That’s naturally something worth considering, but it just feels so weird when I have to overcome performance tests aimed at C in Ruby (or Clojure). It’s doable (most of the time), but it’s a whole different kind of measure. I recall a problem for which solutions in C were mostly pretty naive loops while something similar in Ruby would fail even the first few load tests.

Counting the milliseconds

I’ve been building a Netty-based web server in Clojure. While I haven’t had the strength to do much with it these past few months because I prioritized the climbing season, now that Hacktoberfest is incoming I’m planning to go pedal to the metal with it (and with my git GUI work-in-progress).

I’m building iny (named after a fox from Fekete Istvan’s Vuk) with the clear goal to replace Aleph. While I’m a huge fan of Aleph and the libraries around it (like Manifold) it’s no longer maintained, which is simply not acceptable when we’re now looking at http/3 coming out sooner than later (support is already in browsers after all).

The mighty sword

Mt Tate is a pretty famous tourist destination. Sure with the coronavirus going on it’s only dedicated people (like me) there, but usually the place is buzzing with tourists to the point you’re more likely to hear Chinese than Japanese. Now it was quiet though. And unlike the last time, now my destination wasn’t Mt Tate itself.

I went to climb Mt Tsurugi (“sword”), a mountain that’s considered maybe the most technically difficult of the 100 famous Japanese mountains. The reason is that it’s a steep, rocky mountain where the “trail” often turns into climbing straight up a rock face (with the aid of chains). To make it even more exciting, the weather was bad too.


Sadly this year the southern Japanese Alps are very difficult to access. All the mountain roads are closed, the buses aren’t running and some municipalities outright announced they don’t accept any climbing notices. So basically you either have to walk in all the way from one of the still accessible mountain passes, or go for the mountains “at the edges.” Since I wasn’t in the mood for a 30km approach just now, I decided to take the latter choice and climb Mt Kai-koma.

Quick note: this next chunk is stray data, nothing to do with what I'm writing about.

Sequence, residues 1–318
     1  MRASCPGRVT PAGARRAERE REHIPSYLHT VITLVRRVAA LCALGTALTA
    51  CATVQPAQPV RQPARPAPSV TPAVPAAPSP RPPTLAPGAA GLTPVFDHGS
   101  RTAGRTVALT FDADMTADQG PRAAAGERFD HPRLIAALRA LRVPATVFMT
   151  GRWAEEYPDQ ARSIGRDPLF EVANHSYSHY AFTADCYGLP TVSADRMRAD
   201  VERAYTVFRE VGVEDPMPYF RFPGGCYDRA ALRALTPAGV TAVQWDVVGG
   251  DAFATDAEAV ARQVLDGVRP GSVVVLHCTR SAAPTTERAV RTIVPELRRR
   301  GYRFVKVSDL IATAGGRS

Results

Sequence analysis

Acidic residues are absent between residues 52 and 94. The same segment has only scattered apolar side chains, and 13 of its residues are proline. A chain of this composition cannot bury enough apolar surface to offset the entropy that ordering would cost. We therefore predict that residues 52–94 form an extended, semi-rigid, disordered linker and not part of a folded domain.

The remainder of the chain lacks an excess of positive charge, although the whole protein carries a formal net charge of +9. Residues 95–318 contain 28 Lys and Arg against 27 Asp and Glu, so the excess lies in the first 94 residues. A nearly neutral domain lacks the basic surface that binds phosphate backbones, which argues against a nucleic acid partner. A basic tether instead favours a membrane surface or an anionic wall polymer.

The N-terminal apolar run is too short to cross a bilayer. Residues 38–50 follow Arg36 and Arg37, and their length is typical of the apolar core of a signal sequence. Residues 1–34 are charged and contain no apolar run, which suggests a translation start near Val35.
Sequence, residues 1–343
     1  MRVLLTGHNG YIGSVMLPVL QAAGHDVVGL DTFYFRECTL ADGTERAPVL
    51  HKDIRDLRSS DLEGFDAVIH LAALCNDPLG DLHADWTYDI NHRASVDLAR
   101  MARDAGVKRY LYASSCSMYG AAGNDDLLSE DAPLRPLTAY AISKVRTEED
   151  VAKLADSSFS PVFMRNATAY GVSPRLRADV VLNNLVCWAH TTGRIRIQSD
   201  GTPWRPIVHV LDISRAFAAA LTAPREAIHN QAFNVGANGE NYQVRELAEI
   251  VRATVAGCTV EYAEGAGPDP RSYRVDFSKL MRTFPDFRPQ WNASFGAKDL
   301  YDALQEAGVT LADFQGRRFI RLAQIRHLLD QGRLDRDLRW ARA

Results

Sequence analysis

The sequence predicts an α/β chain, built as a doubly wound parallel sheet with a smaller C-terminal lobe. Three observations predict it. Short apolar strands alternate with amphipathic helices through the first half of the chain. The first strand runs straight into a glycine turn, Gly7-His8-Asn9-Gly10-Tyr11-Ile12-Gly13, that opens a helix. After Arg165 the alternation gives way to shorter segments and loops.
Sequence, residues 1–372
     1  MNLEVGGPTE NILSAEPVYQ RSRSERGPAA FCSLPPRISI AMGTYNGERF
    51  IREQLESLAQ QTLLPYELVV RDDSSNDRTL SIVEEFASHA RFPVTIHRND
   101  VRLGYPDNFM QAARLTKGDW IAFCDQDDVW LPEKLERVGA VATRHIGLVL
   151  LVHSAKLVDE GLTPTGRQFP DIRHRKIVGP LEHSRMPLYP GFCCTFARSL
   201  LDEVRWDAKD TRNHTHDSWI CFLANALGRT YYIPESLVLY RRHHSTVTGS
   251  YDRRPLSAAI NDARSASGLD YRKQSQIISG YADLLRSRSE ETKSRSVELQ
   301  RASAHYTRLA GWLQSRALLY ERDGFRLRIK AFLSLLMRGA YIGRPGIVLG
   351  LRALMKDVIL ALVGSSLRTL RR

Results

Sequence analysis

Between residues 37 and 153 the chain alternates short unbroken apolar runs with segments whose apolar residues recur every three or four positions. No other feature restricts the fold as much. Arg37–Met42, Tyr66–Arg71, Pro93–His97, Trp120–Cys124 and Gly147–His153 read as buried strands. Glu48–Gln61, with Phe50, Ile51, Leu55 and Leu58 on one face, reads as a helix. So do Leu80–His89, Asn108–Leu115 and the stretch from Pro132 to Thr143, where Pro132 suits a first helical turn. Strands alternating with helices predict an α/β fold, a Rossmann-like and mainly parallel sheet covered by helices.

Omote-Ginza and Gendarme

Much rest wasn’t planned. Maybe eat something nice, drink a beer and enjoy a hot spring and get some sleep in a bed for a change. More important was doing my laundry and refilling water. The previous four days in the Ushiro-Tateyama range were fun, and I was up for more.

Back of Tateyama

I was confused why the Ushiro-Tateyama mountain range (from Jiigatake to Mt Shirouma) is called what it is. It means “rear Tateyama” which is weird from my point of view: isn’t it in front of Tateyama? The name of course would come from the other (Toyama) side, but it still feels weird.

A while back I walked into a bookshop and I spotted a mountain magazine focusing on the so-called kiretto of the country. These are gaps in the mountain range, often very “deep” cols with pretty tough terrain. This magazine named three as the “big three” of Japan: the Hachimine col between Mt Kashima-yari and Mt Goryuu, the Kaerazu col between Mt Karamatsu and Mt Shirouma, and the “great” dai-kiretto between Mt Hotaka and Mt Yari.